ARRL

ARRL Propagation Bulletin ARLP004 (2005)

SB PROP @ ARL $ARLP004
ARLP004 Propagation de K7RA

ZCZC AP04
QST de W1AW  
Propagation Forecast Bulletin 4  ARLP004
From Tad Cook, K7RA
Seattle, WA  January 28, 2005
To all radio amateurs 

SB PROP ARL ARLP004
ARLP004 Propagation de K7RA

Solar activity was down this week. Average daily sunspot numbers
were off by nearly 36 points to 53.4, and average daily solar flux
dropped 31 points to 101.7. Last Friday, January 21, we were hit by
a big blast of energy from an X7 class solar flare on the previous
day. Just one point below two days earlier, the planetary A index
went to 61 and the mid-latitude A index was 30, also one point
lower.

A severe geomagnetic storm lasted the next couple of days, but
conditions really calmed down on Monday through Thursday (January
24-27) of this week. On Wednesday, January 26, the mid-latitude A
index went clear down to 0, because the K index upon which it is
based was 0 during all eight reporting periods. This is incredibly
quiet, and good for HF propagation, at least if the sunspots are
around to support it.

We could hope for similar quiet conditions for this weekend's CQ
World Wide 160-Meter CW Contest, but the forecast doesn't look that
great. The predicted planetary A index for Friday through Monday,
January 28-31 is 15, 30, 20 and 20. This isn't due to any flare, but
earth is about to move into a solar wind stream, and the most active
conditions are expected on Saturday. Conditions should be back to
quiet by February 3.

Ken Kopp, KK0HF of Topeka, Kansas sent in a great article that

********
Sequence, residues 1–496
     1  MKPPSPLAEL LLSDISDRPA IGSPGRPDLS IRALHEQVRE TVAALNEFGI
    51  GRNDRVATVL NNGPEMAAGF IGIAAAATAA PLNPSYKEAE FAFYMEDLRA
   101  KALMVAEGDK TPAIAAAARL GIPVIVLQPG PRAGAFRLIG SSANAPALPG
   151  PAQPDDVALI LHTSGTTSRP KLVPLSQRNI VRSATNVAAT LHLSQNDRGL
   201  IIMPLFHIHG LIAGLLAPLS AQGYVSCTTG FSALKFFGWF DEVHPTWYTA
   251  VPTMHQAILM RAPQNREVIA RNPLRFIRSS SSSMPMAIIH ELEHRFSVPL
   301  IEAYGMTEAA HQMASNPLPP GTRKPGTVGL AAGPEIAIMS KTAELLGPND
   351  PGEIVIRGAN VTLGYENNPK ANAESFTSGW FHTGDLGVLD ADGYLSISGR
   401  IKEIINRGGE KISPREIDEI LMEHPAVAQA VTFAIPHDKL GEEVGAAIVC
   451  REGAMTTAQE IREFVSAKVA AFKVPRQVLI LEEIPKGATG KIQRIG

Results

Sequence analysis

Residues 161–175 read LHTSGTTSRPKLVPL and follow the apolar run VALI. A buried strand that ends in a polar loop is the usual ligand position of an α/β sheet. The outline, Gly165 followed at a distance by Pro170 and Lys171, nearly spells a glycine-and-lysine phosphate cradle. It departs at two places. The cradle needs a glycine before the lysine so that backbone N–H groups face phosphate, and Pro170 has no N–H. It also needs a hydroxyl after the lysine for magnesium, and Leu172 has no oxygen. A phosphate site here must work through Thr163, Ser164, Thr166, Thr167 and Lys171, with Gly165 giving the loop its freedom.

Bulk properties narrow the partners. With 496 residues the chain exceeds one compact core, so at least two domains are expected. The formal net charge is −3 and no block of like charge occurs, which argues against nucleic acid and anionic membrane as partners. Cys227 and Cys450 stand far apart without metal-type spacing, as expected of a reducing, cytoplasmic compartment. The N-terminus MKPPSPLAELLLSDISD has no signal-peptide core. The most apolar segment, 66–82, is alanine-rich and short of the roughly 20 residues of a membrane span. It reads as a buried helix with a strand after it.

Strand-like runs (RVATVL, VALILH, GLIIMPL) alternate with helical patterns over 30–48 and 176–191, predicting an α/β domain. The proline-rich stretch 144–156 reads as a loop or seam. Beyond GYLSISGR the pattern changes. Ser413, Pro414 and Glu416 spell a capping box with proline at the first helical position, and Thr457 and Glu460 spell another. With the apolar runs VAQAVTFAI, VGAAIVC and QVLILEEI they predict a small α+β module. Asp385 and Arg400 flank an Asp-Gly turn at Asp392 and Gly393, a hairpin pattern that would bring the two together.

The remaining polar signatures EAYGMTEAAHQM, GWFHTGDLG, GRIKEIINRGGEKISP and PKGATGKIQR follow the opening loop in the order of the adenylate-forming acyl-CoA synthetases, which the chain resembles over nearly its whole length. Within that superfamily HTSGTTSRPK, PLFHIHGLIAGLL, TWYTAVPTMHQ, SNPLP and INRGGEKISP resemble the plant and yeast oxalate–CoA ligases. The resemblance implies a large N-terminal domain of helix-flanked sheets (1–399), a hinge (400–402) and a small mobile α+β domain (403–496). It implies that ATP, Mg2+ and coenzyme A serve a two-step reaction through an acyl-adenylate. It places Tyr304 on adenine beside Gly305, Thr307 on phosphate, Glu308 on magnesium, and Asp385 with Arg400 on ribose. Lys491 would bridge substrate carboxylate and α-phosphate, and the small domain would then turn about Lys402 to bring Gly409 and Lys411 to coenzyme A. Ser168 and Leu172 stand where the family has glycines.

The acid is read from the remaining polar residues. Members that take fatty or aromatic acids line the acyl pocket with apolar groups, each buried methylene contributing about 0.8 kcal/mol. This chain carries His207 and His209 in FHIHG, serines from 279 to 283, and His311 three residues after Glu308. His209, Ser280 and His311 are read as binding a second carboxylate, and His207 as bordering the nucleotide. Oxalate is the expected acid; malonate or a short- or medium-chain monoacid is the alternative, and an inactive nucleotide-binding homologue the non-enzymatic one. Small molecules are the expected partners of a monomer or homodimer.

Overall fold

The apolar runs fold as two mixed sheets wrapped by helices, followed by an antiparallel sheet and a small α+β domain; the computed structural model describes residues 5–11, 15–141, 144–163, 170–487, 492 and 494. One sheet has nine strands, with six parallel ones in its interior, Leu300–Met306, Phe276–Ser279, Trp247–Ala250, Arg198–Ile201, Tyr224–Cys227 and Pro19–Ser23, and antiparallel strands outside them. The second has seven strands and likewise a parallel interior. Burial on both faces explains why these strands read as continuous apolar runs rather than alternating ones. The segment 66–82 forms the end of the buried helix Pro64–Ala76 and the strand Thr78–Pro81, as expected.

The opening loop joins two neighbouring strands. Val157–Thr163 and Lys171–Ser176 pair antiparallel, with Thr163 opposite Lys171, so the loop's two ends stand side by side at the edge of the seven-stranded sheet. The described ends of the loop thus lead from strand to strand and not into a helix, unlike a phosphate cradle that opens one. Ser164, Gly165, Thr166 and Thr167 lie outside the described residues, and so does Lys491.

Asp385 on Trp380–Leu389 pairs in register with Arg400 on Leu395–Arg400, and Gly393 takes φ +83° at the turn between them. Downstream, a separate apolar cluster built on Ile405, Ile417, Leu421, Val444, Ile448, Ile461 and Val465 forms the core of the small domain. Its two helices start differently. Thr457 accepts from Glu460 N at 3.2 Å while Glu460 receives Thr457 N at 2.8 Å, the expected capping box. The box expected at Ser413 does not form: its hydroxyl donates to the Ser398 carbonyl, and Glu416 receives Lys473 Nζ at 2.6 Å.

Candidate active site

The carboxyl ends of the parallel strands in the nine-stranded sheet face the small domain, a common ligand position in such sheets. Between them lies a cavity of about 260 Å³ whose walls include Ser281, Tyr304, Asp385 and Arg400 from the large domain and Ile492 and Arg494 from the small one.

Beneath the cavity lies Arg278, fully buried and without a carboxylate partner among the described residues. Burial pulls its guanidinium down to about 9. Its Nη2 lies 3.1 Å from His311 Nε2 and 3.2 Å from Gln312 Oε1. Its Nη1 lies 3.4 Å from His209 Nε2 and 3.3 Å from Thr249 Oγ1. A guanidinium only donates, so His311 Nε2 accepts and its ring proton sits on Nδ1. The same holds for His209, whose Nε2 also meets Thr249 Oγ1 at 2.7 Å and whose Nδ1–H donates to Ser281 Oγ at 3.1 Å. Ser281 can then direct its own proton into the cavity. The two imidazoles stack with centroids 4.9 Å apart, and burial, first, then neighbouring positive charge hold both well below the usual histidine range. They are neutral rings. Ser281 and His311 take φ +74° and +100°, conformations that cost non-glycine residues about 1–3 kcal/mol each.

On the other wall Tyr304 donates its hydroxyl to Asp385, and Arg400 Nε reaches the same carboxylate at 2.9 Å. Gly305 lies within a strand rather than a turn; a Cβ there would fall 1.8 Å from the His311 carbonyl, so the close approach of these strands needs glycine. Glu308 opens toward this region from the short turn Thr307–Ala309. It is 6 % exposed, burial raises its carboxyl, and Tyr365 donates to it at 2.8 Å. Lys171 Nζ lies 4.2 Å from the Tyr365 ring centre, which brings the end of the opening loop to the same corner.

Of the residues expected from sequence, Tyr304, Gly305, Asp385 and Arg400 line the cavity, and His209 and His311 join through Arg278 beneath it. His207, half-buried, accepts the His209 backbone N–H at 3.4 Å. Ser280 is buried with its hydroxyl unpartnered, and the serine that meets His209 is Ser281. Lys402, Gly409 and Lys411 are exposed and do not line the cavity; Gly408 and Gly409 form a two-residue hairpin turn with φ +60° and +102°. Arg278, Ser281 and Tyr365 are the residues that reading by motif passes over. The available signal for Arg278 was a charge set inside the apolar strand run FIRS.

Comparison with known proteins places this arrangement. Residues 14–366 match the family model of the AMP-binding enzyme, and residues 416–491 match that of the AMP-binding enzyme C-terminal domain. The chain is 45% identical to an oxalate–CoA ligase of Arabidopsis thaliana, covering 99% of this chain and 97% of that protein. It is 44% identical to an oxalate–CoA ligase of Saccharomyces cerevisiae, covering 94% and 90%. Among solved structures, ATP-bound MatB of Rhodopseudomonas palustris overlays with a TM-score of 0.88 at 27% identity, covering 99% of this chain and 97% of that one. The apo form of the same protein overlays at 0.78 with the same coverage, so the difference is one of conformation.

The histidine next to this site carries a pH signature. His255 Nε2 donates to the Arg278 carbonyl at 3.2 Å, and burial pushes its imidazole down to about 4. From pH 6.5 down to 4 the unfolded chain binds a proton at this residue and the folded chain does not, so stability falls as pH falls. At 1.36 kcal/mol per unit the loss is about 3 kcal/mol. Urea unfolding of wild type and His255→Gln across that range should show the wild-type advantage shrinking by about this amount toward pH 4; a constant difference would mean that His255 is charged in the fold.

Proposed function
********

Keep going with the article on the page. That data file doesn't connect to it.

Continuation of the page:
appeared in the Baltimore Sun on recent solar activity. It is full
of dramatic descriptions of solar flares, the recent giant sunspot,
and the evacuation of astronauts on the International Space Station
to the better-shielded Russian Zvezda service module. For a while at
least, you may be able to read it (without having to register) by
clicking on the following link on,
http://www.baltimoresun.com/news/health/bal-hs.solar21jan21,1,7436903,pr
int.story?coll=bal-health-headlines

Also be sure to check out a constantly updated collection of links
to press clippings relating to amateur radio on Ken's web site at
http://members.cox.net/kk0hf/.

Flares, solar wind and geomagnetic storms aren't bad for all radio
propagation. 6-meters often gets interesting during active
conditions, and a number of reports arrived this week concerning
VHF.

When HF operators thought their radios were dead on January 21,
OZ1DJJ in Denmark worked K1TOL on 6-meter CW during Aurora in the
Scandinavian Activity Contest. You can hear the QSO at
http://www.oz1djj.geronne.dk/6m.htm. Click to the left of the
phrase, "I am so lucky!!" Thanks to Arne, SM7AED for passing that
along.

Jon Jones, N0JK reported a nice 6-meter opening between Arizona and
the Midwest on January 21 beginning at 0015z and lasting nearly four
hours. Jon was mobile in Wichita, Kansas and talked to K7TOP on
6-meters. K7NN in Tucson and AC7XP and K7TOP in Phoenix worked
stations in Kansas, Missouri, Oklahoma, Texas and Tennessee with
strong signals.

And finally, ever thought of building your own magnetometer? I've
thought for a long time that in addition to noting the College K
index, Boulder K index or planetary K index, it would be neat to
have one that is strictly local. Where I live in Seattle, I could
have a University District K index, although in the city it might be
affected by passing trucks. Check a web page devoted to just such an
instrument at http://www.da4e.nl/magno.html. You can see current
real time results from a homebrew magnetometer in the Netherlands at
http://www.da4e.nl/magnetogram.htm.

If you would like to comment or have a tip, email the author at,
k7ra@arrl.net.

For more information concerning propagation and an explanation of
the numbers used in this bulletin see the ARRL Technical Information
Service propagation page at,
http://www.arrl.org/tis/info/propagation.html.

Sunspot numbers for January 20 through 26 were 61, 69, 60, 40, 42,
56 and 46 with a mean of 53.4. 10.7 cm flux was 122.7, 113.5, 102.2,
95.8, 94.6, 94.1 and 89.3, with a mean of 101.7. Estimated planetary
A indices were 12, 61, 28, 17, 6, 4 and 4 with a mean of 18.9.
Estimated mid-latitude A indices were 10, 30, 23, 12, 5, 2 and 0,
with a mean of 11.7.
NNNN
/EX